BUTTE – On Thursday, the Environmental Protection Agency released plans on the work toward the final cleanup of Butte Priority Soils.
The EPA, currently negotiating the plan with the state, Butte-Silver Bow County, and ARCO-BO, asked that there be one fundamental change, seven significant changes, and five minor modifications.
The changes include waiving the water quality standards for Montana and replacing it with the national standard, create basins to hold the contaminated stormwater flowing off of Butte Hill, reroute Silver Bow Creek away from Slag Canyon, metal levels be tested from different samples of soil, and to remove from Silver-Bow Creek and Black Tail Creek.
However, even with the changes, the EPA won’t meet the Montana Department of Environmental Quality standards for copper and zinc.
“Can we get there?” said EPA remedial project manager Nikia Greene. “Can we meet those standards? The unfortunate thing is we can do everything that is practicable and we still won’t get there.”
Greene said meeting the state standards would be virtually impossible because of Butte’s mining history and nature. To move towards delisting in 2024, the EPA proposes the standards be changed from statewide to national.
The public will have 60 days to comment on the proposed changes and whether or not the public supports the changes.
Butte Chief Executive Dave Palmer said they are seeing the light at the end of the tunnel.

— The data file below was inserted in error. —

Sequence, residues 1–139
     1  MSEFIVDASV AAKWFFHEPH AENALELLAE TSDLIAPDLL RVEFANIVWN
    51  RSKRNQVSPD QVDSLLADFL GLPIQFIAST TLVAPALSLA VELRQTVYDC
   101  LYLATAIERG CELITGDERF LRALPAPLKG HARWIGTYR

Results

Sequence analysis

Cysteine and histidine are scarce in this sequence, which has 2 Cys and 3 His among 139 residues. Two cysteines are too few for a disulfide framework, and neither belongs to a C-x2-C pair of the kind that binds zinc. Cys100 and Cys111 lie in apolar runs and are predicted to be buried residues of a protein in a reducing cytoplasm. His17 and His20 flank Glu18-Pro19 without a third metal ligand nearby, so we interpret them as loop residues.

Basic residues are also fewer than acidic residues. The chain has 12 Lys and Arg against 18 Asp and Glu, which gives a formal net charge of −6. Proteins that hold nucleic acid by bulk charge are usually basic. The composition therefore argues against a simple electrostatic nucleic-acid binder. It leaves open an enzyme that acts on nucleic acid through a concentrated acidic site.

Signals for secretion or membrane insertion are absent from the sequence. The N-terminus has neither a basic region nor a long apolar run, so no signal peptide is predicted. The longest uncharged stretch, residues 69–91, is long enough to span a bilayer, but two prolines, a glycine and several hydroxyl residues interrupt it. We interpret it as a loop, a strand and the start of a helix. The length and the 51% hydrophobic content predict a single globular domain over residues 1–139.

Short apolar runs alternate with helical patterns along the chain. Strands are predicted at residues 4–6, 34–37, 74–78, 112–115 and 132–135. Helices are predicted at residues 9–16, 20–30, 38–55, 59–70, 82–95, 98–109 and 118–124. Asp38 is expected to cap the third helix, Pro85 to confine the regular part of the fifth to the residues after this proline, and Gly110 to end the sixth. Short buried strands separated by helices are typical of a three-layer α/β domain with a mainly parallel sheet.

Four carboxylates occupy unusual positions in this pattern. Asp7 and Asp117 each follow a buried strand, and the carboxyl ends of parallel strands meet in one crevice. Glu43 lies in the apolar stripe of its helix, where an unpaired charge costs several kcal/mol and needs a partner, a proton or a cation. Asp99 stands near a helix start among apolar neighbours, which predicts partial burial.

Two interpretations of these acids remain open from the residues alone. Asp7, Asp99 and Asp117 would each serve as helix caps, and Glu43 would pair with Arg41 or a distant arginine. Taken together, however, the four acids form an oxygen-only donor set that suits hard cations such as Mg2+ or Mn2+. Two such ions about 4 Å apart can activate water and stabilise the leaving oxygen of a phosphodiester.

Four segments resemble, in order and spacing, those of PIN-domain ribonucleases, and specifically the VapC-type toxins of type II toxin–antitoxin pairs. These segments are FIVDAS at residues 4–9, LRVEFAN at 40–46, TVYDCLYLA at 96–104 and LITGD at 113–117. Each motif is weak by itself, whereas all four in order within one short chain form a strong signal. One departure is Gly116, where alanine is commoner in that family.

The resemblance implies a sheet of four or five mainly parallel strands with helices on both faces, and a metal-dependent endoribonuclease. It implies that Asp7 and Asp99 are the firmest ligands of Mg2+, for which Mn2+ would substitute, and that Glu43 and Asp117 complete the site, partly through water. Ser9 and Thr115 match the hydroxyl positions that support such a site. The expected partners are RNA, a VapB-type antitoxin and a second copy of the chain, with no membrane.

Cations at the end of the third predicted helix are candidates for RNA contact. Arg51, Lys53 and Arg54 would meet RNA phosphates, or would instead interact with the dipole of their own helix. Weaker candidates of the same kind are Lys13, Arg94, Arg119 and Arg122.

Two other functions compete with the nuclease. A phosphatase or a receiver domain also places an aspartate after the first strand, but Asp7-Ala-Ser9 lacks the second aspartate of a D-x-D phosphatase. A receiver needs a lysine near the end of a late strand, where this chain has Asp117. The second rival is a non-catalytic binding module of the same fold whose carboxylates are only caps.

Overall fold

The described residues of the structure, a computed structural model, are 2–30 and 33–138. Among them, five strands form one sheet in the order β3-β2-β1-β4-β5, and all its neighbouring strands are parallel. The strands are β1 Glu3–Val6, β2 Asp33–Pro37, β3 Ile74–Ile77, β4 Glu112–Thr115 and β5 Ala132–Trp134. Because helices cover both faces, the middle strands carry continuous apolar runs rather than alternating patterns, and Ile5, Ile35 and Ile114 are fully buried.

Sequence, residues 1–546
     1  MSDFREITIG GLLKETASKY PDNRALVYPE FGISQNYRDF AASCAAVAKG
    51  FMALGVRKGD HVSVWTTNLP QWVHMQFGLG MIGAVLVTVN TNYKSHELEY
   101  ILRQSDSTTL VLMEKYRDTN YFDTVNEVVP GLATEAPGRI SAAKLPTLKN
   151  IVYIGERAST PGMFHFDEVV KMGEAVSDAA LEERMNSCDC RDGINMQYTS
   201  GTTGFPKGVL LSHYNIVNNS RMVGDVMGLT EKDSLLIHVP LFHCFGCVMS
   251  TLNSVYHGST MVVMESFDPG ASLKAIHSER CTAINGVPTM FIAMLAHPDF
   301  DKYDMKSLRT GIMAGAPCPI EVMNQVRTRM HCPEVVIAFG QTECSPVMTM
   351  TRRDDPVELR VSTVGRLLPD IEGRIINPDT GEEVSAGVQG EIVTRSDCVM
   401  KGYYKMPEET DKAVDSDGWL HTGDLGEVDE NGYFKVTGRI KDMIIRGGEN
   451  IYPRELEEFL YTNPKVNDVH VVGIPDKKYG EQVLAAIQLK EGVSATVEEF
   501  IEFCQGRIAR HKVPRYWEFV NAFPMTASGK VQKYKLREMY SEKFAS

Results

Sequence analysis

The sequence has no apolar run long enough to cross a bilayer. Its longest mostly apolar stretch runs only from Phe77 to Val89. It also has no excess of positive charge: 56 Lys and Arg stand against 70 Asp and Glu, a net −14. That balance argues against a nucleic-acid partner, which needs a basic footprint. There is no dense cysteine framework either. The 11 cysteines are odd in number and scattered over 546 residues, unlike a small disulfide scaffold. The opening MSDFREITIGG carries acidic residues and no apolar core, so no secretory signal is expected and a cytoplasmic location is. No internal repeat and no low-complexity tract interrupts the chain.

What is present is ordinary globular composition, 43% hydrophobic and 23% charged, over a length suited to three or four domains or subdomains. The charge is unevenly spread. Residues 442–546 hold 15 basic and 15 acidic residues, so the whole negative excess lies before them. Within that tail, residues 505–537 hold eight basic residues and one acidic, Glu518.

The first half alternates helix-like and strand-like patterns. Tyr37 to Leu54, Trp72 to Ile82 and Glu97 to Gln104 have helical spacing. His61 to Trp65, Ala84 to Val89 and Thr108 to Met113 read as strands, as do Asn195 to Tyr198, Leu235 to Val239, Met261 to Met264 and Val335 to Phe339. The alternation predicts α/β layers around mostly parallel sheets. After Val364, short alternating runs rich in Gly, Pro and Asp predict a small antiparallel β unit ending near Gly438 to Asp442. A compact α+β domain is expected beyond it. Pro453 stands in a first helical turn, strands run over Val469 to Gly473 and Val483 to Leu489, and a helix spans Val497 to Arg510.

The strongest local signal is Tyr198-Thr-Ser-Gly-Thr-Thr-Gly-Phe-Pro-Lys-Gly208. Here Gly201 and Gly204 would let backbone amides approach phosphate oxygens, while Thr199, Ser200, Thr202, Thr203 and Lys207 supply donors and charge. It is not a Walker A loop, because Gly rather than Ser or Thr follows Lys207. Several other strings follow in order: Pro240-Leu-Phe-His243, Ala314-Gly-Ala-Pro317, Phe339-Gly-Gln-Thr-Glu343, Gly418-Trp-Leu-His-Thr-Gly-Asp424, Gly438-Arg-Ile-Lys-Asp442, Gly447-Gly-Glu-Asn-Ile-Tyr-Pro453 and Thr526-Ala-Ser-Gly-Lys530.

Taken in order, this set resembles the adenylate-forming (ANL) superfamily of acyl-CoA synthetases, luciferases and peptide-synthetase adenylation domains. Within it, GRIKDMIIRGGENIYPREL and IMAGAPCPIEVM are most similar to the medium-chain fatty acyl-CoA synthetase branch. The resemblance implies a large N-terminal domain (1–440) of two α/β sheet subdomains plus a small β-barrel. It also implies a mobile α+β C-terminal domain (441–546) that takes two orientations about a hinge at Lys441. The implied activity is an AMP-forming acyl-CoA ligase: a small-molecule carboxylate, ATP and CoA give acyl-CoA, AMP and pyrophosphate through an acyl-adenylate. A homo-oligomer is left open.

“It is the first step to defining what works for the future and how we can enforce that to be completed and make possible everything that is possible here in Butte,” said Butte Data Administrator Julia Crain.
Deputy County Attorney Molly Maffei said she believes it’s a good thing to move beyond the Superfund and forward as a community.
Butte Superfund Operations Manager Eric Hassler said Butte is a highly mineralized area and that it was possible the standards would have never been met just due to the naturalization of the hill.
“I am offended by that, I am offended,” said Butte resident Fritz Daily. “I mean I think that Butte deserves the best clean-up possible and to give us a clean-up where the only way that the EPA and the state and the local government can solve the problem is by reducing the discharge standards of the creek. And that is just wrong.”
Palmer added officials went into the negotiation with three things in mind.
“Protect the taxpayers, protect the environment and protect human health, and we have met all three of those requirements. So I think that the negotiating team is doing a good job and I think Butte people should be happy with what is coming out of it.”
The public has the chance to comment on April 23 and May 23 at the Montana Tech Campus Library from 6-8:30 p.m. Comments can also be submitted on the EPA’s website
-Reported by Mederios Babb/MTN News